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GLMA will use
grant to study impact of crystal meth

GLMA will use
grant to study impact of crystal meth

Study will focus on getting gay meth addicts into treatment.

The Gay and Lesbian Medical Association is planning to use a $320,000 grant from Hythiam, a health care services management company focusing on substance abuse, to examine crystal methamphetamine use among gay and bisexual men and to make recommendations on how health care providers can get meth-addicted gay men into treatment.

A 2003 study, led by the Chicago Department of Public Health and the U.S. Centers for Disease Control and Prevention, discovered that approximately 10% of gay men had used crystal meth at least once in the previous year, compared with 0.7% of the general U.S. population. In addition, of those gay men who reported meth use, 20% said they used it at least once per week. A joint study conducted from 2000 to 2001 by the University of California, San Francisco's AIDS Health Project; the CDC; and the San Francisco Department of Public Health found that those who used meth were three times as likely to contract HIV than nonusers.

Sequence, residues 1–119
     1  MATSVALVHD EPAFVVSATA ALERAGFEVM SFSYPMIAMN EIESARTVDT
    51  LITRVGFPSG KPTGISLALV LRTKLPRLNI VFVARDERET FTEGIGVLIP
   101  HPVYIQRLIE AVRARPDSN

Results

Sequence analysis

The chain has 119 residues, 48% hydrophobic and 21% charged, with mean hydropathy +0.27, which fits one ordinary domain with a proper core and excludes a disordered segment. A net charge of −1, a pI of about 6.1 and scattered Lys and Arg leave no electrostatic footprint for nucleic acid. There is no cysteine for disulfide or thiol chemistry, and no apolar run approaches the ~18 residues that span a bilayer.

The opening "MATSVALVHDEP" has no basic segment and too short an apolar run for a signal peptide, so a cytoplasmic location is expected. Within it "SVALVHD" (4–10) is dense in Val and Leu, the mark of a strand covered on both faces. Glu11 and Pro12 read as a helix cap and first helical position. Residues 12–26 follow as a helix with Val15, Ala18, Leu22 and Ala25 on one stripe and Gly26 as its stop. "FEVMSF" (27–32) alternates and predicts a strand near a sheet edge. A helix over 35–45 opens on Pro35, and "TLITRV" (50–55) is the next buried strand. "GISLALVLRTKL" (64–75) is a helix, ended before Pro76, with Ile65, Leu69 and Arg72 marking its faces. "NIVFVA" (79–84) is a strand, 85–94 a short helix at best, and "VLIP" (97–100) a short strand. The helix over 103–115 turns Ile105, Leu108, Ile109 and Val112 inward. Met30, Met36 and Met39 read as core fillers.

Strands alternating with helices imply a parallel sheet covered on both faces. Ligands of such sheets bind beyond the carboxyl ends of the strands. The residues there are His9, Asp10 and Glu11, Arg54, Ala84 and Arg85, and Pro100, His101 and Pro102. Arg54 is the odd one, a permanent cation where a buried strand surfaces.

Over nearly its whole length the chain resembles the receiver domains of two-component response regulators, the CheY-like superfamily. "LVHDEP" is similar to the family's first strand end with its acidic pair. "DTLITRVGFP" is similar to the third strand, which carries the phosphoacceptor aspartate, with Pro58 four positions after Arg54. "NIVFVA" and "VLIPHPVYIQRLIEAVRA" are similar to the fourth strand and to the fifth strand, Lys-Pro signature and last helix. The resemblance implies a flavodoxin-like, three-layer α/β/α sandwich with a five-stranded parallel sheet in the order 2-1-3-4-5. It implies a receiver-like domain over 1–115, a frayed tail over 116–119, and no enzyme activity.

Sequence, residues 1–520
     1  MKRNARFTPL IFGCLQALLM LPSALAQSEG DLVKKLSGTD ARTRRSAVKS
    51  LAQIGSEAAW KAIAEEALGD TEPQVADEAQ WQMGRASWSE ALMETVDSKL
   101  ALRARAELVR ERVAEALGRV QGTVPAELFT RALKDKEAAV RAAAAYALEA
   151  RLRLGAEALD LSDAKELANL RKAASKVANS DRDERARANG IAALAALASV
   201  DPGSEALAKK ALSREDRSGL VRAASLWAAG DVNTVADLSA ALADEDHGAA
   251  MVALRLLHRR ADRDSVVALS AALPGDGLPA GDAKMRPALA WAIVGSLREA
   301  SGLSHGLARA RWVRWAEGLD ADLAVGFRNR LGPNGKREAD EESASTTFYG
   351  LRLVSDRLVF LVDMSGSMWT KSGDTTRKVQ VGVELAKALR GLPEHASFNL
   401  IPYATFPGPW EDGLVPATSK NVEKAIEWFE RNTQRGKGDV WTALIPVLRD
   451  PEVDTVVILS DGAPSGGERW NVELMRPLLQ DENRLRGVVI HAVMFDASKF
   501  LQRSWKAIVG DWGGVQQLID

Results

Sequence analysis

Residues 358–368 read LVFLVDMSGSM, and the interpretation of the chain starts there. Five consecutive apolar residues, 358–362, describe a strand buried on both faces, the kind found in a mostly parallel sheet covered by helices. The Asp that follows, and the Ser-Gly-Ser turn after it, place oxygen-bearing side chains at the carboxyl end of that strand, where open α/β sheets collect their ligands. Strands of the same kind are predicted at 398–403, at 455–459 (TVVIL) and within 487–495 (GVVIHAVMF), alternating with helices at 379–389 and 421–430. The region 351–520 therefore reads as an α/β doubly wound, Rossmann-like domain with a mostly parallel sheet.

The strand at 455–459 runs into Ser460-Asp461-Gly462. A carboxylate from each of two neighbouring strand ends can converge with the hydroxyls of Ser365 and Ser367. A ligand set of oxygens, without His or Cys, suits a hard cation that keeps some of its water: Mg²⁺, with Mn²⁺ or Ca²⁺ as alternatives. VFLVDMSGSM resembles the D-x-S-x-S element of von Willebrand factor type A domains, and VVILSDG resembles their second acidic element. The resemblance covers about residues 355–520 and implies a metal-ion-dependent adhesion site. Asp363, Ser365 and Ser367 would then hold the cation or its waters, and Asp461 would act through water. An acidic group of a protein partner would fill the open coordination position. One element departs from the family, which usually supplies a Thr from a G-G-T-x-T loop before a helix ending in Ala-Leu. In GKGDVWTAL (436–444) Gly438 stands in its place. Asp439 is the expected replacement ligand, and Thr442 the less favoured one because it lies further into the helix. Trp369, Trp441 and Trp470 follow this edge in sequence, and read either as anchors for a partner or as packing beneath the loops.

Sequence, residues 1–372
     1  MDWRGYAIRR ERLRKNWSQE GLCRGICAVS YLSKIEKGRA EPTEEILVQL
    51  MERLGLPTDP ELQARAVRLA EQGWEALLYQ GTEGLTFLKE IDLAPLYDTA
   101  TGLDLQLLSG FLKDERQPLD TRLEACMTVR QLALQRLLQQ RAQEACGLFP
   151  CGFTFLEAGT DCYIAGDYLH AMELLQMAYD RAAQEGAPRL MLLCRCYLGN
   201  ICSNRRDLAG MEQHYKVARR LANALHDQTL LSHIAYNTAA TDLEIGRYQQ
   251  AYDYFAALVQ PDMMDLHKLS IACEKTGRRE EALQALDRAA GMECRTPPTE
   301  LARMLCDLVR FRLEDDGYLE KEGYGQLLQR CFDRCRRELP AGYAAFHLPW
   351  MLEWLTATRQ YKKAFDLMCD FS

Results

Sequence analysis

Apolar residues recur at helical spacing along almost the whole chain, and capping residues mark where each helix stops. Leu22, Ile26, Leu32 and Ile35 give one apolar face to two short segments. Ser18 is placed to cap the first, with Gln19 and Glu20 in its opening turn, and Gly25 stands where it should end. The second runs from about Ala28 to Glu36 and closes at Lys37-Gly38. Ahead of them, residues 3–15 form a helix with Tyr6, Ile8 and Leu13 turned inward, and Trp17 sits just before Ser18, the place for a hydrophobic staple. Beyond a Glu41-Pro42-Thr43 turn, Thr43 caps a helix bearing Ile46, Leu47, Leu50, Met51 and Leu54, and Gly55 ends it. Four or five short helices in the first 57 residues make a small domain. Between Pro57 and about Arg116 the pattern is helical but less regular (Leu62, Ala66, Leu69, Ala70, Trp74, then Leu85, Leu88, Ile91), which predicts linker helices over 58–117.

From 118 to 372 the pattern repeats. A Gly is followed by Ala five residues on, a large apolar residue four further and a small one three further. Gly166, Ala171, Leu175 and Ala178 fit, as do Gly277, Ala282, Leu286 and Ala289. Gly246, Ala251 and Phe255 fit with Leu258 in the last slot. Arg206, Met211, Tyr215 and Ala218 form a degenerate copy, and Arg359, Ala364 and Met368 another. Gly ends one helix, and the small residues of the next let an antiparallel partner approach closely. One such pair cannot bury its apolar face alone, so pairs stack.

"The number of heterosexual meth users far exceeds the number of gay meth users. However, this drug clearly has a dangerous impact on a more sizable proportion of the gay community," says Steven Lee, a GLMA board member and New York psychiatrist who specializes in the treatment of methamphetamine addiction in gay men, in a press statement. "To date there are only a few studies looking at either medical or behavioral interventions specifically tailored to meth. Because use of meth has such harmful consequences and is so intensely addictive, it is crucial to investigate more effective treatments."

An advisory board is being assembled to oversee the project. A series of focus groups are planned for May and June. GLMA will produce a paper on the topic in July. (

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